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Custody Evaluations

NEOBH conducts Custody Evaluation upon direct order from a Domestic Relations or Family Court Judge or Magistrate. These are the only circumstances under which NEOBH can conduct such an assessment and make recommendations regarding parental fitness and custodial arrangements for children.

Custody evaluations can be conducted prior to the completion of a divorce action, or may be requested by the court when a change in custodial arrangements is requested by one party. Other specialized circumstances (such as a parent that wishes to move out of town with a child) may warrant a request for a court-ordered evaluation regarding what parenting arrangement might be in the best interest of the child.

The issues that must be considered within the context of a custody evaluation have tremendous implications for the lives of the children involved. Therefore, custody evaluations require an extensive assessment of the personality functioning of each parent, and in some cases, an analysis of how each parent has managed existing conflicts that may have persisted within the process of the divorce, or post-decree conflicts. If applicable, the influence and impact of step-parents and other important adults are also assessed within the process of a custody evaluation.

Extensive history-taking and psychological testing is conducted toward the completion of a custody evaluation. Conjoint sessions are frequently conducted with parents that have engaged new marriage partners or consistent live-in companions.

Children are typically shielded from involvement in custody evaluation proceedings until the evaluator has gained an adequate understanding of the stresses and challenges that may have been experienced by the children thus far. Most often, each parent is asked to bring school-age children to the office for an individual and a conjoint interview. Thus, the evaluator has the opportunity to meet with children as individuals, has well as observe them in the presence of each parent. As the evaluation process continues, the evaluator typically makes modifications to the evaluation plan, in order to make sure that the assessment needs of each child are adequately met. Many children have a strong desire to meet with the examiner individually, in order to express their opinions and experiences. Other children have many anxieties about doing so; therefore, the custody evaluator must be sensitive to the needs of the children. Children who are too young to participate in a formal clinical interview are observed in neutral interaction with each parent during separate sessions.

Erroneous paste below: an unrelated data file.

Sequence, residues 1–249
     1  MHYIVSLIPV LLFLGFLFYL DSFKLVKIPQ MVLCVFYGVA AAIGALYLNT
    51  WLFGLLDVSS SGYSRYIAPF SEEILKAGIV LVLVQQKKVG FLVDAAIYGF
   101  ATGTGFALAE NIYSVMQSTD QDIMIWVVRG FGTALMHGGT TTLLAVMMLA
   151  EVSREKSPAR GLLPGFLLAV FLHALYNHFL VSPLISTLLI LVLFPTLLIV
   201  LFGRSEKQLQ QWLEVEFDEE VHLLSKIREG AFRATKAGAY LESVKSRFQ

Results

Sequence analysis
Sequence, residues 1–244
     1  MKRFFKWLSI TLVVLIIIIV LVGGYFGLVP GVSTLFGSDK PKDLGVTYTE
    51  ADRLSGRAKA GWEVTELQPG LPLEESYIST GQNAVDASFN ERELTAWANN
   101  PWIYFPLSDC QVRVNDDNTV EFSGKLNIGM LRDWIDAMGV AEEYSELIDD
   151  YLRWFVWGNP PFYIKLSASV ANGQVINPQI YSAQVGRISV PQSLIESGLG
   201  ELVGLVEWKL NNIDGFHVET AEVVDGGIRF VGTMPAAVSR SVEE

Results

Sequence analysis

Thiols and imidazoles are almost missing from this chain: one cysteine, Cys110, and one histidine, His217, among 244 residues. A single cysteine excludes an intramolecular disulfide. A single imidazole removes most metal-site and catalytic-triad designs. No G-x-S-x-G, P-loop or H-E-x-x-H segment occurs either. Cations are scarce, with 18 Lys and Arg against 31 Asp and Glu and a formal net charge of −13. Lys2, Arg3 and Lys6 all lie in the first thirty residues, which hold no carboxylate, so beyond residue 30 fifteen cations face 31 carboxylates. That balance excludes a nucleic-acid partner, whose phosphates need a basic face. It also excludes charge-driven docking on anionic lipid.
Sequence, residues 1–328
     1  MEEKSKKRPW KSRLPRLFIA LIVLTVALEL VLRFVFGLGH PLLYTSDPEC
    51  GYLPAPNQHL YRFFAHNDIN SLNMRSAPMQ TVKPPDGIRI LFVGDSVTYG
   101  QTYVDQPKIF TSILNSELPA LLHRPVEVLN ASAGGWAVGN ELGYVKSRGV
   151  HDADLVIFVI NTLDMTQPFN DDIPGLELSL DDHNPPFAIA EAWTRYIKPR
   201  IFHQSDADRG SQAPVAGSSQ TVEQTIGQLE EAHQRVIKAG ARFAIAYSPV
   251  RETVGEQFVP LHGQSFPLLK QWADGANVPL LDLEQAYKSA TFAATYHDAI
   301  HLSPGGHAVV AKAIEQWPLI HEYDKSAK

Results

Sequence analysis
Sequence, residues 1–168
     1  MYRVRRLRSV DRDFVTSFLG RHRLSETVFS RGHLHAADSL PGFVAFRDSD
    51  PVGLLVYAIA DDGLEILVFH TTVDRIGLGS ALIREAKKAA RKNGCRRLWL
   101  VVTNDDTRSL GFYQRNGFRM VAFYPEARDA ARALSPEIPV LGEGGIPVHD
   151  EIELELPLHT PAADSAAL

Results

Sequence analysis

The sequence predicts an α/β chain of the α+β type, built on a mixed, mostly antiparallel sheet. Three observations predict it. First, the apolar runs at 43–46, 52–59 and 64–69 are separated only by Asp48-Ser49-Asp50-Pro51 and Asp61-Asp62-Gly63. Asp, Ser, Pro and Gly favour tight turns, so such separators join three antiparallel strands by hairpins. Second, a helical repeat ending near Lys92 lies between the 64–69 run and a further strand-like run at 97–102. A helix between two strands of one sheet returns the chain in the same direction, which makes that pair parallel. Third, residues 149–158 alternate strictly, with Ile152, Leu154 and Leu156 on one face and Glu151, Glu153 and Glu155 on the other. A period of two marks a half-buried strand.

Individuals involved in custody evaluations are asked to sign releases of information to the court that has ordered the assessment. Additional releases are requested for respective legal counsel, Guardian ad Litem, and other professionals that may have been involved in family or individual intervention in the past. Releases for information regarding the functioning of the children are typically requested from classroom teachers, or other reasonably neutral individuals that have had an opportunity to closely observe the emotional and social functioning of the children.

Individuals who consent to involvement in custody evaluations receive a comprehensive disclosure document that details all of the processes involved in the assessment, as well as expectations regarding fees, confidentiality and other important issues.

Custody evaluations at NEOBH are performed only by licensed clinical psychologists with extensive experience in the completion of specialized family assessment. These evaluations are conducted with careful consideration of ethical expectations.

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